Ask the Right Questions.

Ok, you’ve just learned a new technique and drilled it a few times. Do you feel like you can use it? Don’t rush into full resistance training just yet. If you want to really learn it, you will want to spend more time drilling it. But mindless drilling can get mindless results. Ask a question, and learn how to track your own progress. These five questions should help to get you started. 

1. How does this technique work? Every decent instructor has a few concepts that they like to emphasize for each technique. For example, I will mention weight distribution during a guard pass. You can check during each phase to make sure you understand exactly how your weight should feel during each phase of a successful guard pass. 

2. What are the likely responses? Nothing is more frustrating than trying a new technique and finding that everyone knows the counter. You will find out when to hurry and when you can relax during the process. 

3. Where are the timing battles, and how do I win them? This is closely tied to the last question, but can be applied more proactively than simply responding to their responses. I look at the timing window like crossing traffic. We usually want to cross as soon as the opening is there, not rush before the window closes. 

Timing Window

Cue———————————————————————————————————-› Too Late

        Go Now.                    Not Now.

4. How do I know that I have achieved my goal? The end of the technique is either a stabilized position or a clear submission. It’s common to have people learn a sweep and forget to stabilize the top position on the finish. Be clear about your goals!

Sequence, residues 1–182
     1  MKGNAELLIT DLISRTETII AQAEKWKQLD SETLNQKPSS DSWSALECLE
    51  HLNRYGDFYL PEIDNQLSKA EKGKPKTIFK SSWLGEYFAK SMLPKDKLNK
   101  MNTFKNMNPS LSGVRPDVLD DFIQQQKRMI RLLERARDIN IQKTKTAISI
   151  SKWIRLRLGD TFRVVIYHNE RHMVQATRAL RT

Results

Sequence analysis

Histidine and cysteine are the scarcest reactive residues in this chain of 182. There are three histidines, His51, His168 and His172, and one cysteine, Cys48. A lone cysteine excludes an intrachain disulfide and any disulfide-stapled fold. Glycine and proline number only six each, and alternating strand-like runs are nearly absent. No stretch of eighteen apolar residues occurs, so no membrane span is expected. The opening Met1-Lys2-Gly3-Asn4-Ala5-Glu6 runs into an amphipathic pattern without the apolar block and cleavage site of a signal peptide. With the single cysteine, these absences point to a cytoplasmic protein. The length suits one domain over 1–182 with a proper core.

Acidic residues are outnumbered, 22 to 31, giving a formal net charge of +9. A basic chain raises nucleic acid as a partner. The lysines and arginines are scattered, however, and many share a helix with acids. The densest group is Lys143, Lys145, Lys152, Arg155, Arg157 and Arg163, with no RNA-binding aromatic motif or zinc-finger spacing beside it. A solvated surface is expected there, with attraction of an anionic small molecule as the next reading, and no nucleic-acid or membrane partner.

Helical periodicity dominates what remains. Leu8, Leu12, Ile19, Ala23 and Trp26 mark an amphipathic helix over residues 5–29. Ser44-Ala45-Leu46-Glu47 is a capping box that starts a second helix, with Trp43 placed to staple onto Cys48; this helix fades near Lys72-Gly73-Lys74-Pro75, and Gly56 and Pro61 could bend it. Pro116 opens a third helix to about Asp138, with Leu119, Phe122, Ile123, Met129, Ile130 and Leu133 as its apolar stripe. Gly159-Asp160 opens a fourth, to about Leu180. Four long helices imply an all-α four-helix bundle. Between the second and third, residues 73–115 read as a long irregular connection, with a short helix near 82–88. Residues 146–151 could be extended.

5. When and how do I switch plans? Be careful not to rush into this question, but still ask. If you switch plans too often, you will leave openings for higher level opponents to exploit. But if you never switch plans, you will get caught trying to finish something that’s no longer there. Again, this is closely tied to the timing window. 

6. Bonus question: How can I find this technique in a live round? Only once you answer this question correctly and reliably can you get the full benefit of live training. Track your progress, and take it back to the drilling phase to refine it further. You can also use your experiences to ask other players how they find the technique, and how they respond to the puzzles it brings.

Asking questions does a lot to keep the entire room progressing. Never be afraid to ask anyone a question. See you on the mats!

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